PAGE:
A day for lovers
Diamonds, the hottest ice
Want a Valentine's rock? Then you can't beat diamonds. Born of Earth, harder than nails, and ooh-soo-dear, diamonds are the rock of love. Just ask De Beers, which has manipulated the diamond market so long and so well in its effort to position diamonds as the true symbol of love.
Like the ideal love, a diamond is, well, forever. But just as neglect can ruin love, heat or a nasty whack with a hammer can destroy a diamond.
Iceman cometh. Ditto profits
Like the graphite used in pencil lead and some lubricants, diamonds are a crystalline form of carbon. But graphite's cheap and soft; diamonds are expensive and the hardest natural element (they are also an excellent conductor of heat).
Diamonds, like many crystals, are also quite durable, and "Diamonds are forever" turns out to be more than just an annoying pitchman's slogan.
Diamonds are ancient crystals, formed deep underground when carbon is subjected to high temperature and enormous pressure (just how hot, and how crushing, and for how long we wish we knew. In the diamond biz, those who know don't tell, and those who tell tend not to know...).
Current theories say diamonds form 100 or more kilometers below ground, in ancient rocks called cratons that have been little disturbed by the incessant jostling of continental plates. The crystals can form in cratons because they have the necessary pressure, but are cooler than other places with similar pressure.
Up the tubes
Kimberlite pipes used to be considered rare, says William Sharp, a retired geology professor from the Colorado School of Mines, but about 300 pipes were discovered in Canada Barren Lands alone over the past decade.
The Barren Lands are a vast stretch of bedrock covered by low vegetation and endless lakes and swamps. Buggy in the summer, it's piercingly cold in winter.
The emergence of Canada's Northwest Territories as a center of diamond production owes to the dedicated -- some would say maniacal -- efforts of Charles Fipke, a Canadian prospector who tracked the gems for a decade.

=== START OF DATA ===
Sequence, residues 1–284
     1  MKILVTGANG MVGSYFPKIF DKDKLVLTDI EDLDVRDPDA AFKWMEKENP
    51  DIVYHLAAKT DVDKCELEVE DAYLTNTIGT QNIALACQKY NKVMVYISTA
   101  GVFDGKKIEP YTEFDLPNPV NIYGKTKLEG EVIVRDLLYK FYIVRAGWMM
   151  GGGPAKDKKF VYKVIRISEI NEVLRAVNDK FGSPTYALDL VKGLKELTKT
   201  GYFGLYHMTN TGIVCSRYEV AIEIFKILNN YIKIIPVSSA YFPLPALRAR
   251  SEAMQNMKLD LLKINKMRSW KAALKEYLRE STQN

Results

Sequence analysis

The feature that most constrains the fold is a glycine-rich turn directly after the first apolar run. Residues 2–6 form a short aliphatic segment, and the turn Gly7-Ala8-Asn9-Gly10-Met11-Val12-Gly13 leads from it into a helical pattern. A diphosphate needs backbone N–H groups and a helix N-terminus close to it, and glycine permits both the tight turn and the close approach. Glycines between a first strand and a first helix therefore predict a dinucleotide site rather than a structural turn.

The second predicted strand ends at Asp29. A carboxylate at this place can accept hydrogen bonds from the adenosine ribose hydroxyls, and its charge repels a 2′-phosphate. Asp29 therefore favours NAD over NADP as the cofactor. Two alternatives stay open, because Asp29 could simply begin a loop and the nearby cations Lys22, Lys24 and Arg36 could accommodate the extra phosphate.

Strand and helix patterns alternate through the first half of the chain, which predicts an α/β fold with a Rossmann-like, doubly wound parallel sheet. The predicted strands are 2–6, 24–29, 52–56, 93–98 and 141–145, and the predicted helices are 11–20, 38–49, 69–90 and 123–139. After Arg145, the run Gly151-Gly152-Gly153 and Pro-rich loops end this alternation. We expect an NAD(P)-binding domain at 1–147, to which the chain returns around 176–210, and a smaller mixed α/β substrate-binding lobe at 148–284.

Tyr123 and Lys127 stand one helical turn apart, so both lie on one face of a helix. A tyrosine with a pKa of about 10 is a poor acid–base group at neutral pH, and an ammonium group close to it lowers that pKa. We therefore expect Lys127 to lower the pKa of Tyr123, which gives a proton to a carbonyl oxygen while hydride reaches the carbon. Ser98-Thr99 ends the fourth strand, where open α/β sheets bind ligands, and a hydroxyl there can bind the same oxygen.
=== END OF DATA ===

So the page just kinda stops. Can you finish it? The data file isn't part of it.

Fipke's search, ably chronicled in "Barren Lands" (see bibliography), was an epic of dogged determination, spiced by death-defying experiences and plenty of prospector's skullduggery.
Although many kimberlite pipes don't contain diamonds, plans are in the works to mine at least a dozen in Canada. Russia also has large diamond reserves -- but the problems of cold and inaccessibility are, if anything, even worse than in the Barrens.
Kimberlite rock itself is hard, igneous stuff, and mining requires expensive drilling and blasting, says Sharp, who spent many years working at mines in Congo, then called Zaire.
Ice moves ice
In prospector's parlance, Fipke and his driven crews moved "up-ice" and eventually located the source near Coppermine, a mining town (you wouldn't guess from the name) in the middle of nowhere in the Northwest Territories.
The first major North American strike threatened the De Beers monopoly by increasing production outside the De Beers mainstay, Southern Africa. De Beers ably sidestepped the threat by making a successful hostile offer for one Canadian mine, and by arranging to market one-third of the output of another.
(For a survey of masterful, modern-day market manipulation, see "The De Beers Story..." in the bibliography).
The diamond trail
Non-destructive testing techniques show that diamonds are not created equal -- they are not identical. "We assumed diamonds were 100 percent carbon," says Sharp, "but they contain a lot of trace elements in the ppm [parts-per-million] range."
These elements lend color to diamonds, and, Sharp says, and "Color is a kind of fingerprint, you can almost take it back to its source. It would not surprise me in a few years if you could take a diamond off a lady, analyze them, and conclude that it came from Angola, Russia, or the Kimberley pit." (Kimberley, incidentally, is the rich South African mine that loaned its name to kimberlite, the rock formation.)
Such an analysis might help track the diamonds that are funding bloodthirsty rebellions, but that's veering far from our Valentine's theme.
Bowerbirds: These romantics need no diamonds.
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